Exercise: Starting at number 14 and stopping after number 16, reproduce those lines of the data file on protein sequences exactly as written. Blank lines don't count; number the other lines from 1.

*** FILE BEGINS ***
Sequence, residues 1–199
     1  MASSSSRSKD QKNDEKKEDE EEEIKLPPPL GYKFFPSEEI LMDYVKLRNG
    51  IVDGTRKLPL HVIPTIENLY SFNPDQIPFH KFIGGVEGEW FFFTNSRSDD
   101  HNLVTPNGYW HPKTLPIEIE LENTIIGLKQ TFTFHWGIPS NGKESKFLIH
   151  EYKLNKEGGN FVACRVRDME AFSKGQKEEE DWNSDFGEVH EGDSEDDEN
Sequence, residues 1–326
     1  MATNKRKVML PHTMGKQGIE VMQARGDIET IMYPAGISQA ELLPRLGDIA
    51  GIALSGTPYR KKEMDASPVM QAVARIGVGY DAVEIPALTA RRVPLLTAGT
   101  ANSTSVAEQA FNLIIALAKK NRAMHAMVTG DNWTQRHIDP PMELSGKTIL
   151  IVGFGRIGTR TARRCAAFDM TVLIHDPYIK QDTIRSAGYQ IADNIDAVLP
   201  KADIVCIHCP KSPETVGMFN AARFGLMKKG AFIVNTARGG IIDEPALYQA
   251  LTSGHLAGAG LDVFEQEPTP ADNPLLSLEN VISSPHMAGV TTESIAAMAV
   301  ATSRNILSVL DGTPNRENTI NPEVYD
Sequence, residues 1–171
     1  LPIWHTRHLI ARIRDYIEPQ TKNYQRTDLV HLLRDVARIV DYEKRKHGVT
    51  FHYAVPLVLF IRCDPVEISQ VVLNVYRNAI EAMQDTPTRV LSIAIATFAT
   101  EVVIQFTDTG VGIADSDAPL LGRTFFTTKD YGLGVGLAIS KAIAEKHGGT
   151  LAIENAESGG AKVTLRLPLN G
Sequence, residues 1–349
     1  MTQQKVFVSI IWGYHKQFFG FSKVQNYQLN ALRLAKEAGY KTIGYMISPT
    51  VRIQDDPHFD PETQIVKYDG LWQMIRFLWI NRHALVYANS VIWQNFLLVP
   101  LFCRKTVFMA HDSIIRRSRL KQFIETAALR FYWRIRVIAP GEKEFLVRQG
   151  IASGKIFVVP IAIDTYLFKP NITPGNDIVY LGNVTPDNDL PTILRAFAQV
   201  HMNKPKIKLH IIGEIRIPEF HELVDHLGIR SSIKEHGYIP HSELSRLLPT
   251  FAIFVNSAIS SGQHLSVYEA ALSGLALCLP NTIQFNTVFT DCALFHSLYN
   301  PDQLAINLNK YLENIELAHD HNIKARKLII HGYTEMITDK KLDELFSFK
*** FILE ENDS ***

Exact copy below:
Sequence, residues 1–171
     1  LPIWHTRHLI ARIRDYIEPQ TKNYQRTDLV HLLRDVARIV DYEKRKHGVT
    51  FHYAVPLVLF IRCDPVEISQ VVLNVYRNAI EAMQDTPTRV LSIAIATFAT